CENH3 morphogenesis reveals dynamic centromere associations during synaptonemal complex formation and the progression through male meiosis in hexaploid wheat.
journal contributionposted on 2016-11-23, 17:45 authored by Adel Sepsi, James D. Higgins, J.S. Pat Heslop-Harrison, Trude Schwarzacher
During meiosis, centromeres in some species undergo a series of associations, but the processes and progression to homologous pairing is still a matter of debate. Here, we aimed to correlate meiotic centromere dynamics and early telomere behaviour to the progression of synapotonemal complex (SC) construction in hexaploid wheat (2n=42) by triple immunolabelling of CENH3 protein marking functional centromeres, and SC proteins ASY1 (unpaired lateral elements) and ZYP1 (central elements in synapsed chromosomes). We show that single or multiple centromere associations formed in meiotic interphase undergo a progressive polarisation (clustering) at the nuclear periphery in early leptotene, leading to formation of the telomere bouquet. Critically, immunolabelling shows the dynamics of these presynaptic centromere associations and a structural reorganisation of the centromeric chromatin coinciding with key events of synapsis initiation from the subtelomeric regions. As short stretches of subtelomeric synapsis emerged at early zygotene, centromere clusters lost their strong polarization, gradually resolving as individual centromeres indicated by more than 21 CENH3 foci associated with unpaired lateral elements. Only following this centromere depolarisation were homologous chromosome arms connected, as observed by the alignment and fusion of interstitial ZYP1 loci elongating at zygotene so synapsis at centromeres is a continuation of the interstitial synapsis. Our results thus reveal that centromere associations are a component of the timing and progression of chromosome synapsis, and the gradual release of the individual centromeres from the clusters correlates with the elongation of interstitial synapsis between the corresponding homologues.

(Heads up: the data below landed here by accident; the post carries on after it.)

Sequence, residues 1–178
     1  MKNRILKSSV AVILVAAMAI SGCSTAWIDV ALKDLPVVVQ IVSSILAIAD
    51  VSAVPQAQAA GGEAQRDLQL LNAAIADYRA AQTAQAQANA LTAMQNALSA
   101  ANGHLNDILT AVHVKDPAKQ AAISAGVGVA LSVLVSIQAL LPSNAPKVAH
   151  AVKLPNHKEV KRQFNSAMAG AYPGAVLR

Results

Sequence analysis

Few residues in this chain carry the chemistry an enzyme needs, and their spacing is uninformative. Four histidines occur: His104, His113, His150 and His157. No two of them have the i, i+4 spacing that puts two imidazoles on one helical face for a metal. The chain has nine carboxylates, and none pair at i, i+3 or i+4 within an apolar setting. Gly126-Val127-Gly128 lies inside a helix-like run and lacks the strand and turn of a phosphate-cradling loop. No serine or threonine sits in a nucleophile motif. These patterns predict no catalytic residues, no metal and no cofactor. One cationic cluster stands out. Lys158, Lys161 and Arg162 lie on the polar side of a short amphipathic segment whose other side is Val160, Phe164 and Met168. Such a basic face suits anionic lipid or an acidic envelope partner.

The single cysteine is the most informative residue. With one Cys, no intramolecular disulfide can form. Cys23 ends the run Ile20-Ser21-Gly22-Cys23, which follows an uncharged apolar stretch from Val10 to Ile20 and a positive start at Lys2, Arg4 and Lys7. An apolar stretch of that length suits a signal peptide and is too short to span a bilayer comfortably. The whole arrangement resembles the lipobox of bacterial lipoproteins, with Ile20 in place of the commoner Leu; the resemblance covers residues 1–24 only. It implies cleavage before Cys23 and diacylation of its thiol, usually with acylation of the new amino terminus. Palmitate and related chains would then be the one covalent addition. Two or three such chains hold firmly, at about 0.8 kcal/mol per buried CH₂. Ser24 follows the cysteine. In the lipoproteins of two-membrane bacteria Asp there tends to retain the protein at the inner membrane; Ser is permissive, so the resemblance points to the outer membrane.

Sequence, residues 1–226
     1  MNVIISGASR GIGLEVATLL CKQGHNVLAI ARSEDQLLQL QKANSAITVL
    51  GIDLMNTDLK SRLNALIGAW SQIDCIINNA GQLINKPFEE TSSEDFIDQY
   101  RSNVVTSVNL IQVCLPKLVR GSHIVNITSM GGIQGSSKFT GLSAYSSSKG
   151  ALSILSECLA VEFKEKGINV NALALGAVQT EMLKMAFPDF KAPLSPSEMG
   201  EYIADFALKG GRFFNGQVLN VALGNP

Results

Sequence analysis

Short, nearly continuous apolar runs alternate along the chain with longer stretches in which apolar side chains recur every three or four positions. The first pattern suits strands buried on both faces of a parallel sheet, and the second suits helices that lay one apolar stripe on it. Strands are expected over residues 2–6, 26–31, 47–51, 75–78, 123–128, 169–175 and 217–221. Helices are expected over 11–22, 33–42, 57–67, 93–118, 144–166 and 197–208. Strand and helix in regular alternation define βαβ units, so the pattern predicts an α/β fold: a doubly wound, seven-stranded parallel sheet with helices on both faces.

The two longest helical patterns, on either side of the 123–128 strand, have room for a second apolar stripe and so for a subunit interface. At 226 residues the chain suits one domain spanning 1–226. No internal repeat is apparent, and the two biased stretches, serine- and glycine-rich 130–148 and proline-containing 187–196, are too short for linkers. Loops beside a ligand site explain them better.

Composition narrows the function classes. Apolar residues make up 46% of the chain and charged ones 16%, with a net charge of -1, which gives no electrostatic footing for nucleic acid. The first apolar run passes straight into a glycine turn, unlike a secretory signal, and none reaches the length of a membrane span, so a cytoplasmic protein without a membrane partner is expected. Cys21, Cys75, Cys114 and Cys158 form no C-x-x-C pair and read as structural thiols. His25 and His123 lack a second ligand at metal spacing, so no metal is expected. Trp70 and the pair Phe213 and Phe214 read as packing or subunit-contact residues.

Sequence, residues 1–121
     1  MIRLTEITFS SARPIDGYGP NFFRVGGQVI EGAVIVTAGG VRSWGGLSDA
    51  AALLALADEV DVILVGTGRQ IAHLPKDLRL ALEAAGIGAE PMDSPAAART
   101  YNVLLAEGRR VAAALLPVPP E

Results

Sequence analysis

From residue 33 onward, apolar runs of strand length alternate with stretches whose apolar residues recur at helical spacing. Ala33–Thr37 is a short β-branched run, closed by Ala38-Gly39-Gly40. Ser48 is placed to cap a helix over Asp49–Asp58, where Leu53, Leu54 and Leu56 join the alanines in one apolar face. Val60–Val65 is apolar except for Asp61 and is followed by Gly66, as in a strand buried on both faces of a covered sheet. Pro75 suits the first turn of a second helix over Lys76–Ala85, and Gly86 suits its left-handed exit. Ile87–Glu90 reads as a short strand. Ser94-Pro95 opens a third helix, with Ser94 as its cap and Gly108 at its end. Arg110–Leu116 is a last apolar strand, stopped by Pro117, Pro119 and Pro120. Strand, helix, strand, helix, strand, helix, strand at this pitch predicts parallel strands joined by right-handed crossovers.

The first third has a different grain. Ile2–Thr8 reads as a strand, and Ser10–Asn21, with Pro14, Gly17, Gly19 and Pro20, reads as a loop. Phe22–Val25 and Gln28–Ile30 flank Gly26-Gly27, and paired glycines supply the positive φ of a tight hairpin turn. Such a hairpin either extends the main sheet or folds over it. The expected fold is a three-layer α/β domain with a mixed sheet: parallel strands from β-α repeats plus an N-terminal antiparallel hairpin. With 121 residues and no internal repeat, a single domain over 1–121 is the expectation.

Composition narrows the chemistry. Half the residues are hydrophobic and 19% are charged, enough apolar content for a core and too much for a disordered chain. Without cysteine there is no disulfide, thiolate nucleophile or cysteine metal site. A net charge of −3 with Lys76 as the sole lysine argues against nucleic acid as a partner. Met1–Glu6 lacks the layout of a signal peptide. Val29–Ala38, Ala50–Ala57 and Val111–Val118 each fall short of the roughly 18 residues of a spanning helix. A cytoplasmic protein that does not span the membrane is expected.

The research leading to these results has received funding from the People Programme (Marie Curie Actions) of the European Union’s Seventh Framework Programme (FP7/2007-2013) under REA grant agreement no 625835. We thank the Advanced Imaging Facility at the University of Leicester (Dr. Kees Straatman) for training with confocal microscopy and subsequent image analysis.
CitationPlant Journal, 2016
Author affiliation/Organisation/COLLEGE OF MEDICINE, BIOLOGICAL SCIENCES AND PSYCHOLOGY/MBSP Non-Medical Departments/Department of Genetics
- AM (Accepted Manuscript)